Maids in push for rest day refuge

WITH a placard asking ''Statue Square - Where do we go from here?'', a group of domestic helpers marched from their usual Sunday gathering spot to an abandoned government building they hope will be turned into a refuge and recreation centre for them.

The group of 100 off-duty maids urged the Government to turn over the old Western Hospital in High Street to migrant workers.

But the fate of the building is in dispute. A preservation group wants the hospital restored.

The Government says it will be demolished and half the land used to build a community centre, while the other half will be sold to private developers.

The future of the hospital has been a subject of debate for more than five years.

It was given a Grade 1 listing by the Antiquities Advisory Board, classifying it as something which should be ''preserved at all cost''.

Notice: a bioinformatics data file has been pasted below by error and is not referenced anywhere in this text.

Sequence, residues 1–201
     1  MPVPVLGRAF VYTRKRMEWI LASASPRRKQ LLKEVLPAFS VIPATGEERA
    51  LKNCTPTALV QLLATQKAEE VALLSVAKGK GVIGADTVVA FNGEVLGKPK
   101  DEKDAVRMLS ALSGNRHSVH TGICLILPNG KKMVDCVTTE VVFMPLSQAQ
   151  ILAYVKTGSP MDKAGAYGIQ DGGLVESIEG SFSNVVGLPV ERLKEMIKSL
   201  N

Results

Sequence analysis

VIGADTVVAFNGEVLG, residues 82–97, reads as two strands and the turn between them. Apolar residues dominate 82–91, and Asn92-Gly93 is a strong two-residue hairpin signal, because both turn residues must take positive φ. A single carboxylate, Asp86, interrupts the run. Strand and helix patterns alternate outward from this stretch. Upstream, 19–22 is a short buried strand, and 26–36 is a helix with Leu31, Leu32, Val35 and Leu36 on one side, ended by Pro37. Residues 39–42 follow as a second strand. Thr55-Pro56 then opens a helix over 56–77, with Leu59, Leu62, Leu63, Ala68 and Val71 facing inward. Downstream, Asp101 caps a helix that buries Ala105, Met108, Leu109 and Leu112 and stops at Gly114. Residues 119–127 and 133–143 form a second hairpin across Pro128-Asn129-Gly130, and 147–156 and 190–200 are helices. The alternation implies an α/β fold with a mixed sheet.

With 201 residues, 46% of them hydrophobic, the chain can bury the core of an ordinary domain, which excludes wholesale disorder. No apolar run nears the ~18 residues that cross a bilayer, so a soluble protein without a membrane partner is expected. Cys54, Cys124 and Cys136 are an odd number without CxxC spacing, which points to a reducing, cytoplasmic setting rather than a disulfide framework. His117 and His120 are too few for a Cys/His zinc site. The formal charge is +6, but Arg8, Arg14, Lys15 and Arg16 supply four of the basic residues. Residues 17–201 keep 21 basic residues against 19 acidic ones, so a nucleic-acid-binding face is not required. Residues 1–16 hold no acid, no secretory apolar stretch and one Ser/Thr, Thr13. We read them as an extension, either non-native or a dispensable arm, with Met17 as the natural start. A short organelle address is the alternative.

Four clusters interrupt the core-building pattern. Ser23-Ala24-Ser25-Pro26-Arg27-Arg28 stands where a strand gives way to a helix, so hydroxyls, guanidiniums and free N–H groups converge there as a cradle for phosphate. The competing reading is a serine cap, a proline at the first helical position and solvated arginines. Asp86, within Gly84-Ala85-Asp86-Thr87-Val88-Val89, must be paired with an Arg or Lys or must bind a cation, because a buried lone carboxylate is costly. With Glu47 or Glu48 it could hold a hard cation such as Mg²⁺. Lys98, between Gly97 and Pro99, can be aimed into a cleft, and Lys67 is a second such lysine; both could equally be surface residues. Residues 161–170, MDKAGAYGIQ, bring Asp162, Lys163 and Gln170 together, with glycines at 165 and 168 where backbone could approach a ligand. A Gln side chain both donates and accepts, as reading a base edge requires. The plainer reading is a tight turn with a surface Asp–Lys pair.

The board wanted the imposing granite facade of the building - the only one of its kind in Hongkong - saved. Built in 1891, the building has stood empty since 1971.

Legislator Mrs Elsie Tu wrote to the Secretary for Planning, Environment and Lands, Mr Tony Eason, asking him to consider a request to preserve the building and to support the plan for it to be turned into a centre for domestic workers.

The chairman of the advisory board, Mr David Lung Ping-yee, called on the Governor and legislators to take the lead and help preserve similarly threatened buildings.

According to the District Lands Officer for Hongkong West, Mr Frank Phillips, the site will go up for sale in about 12 months.

''I don't think there is any way this building is going to be saved,'' he said.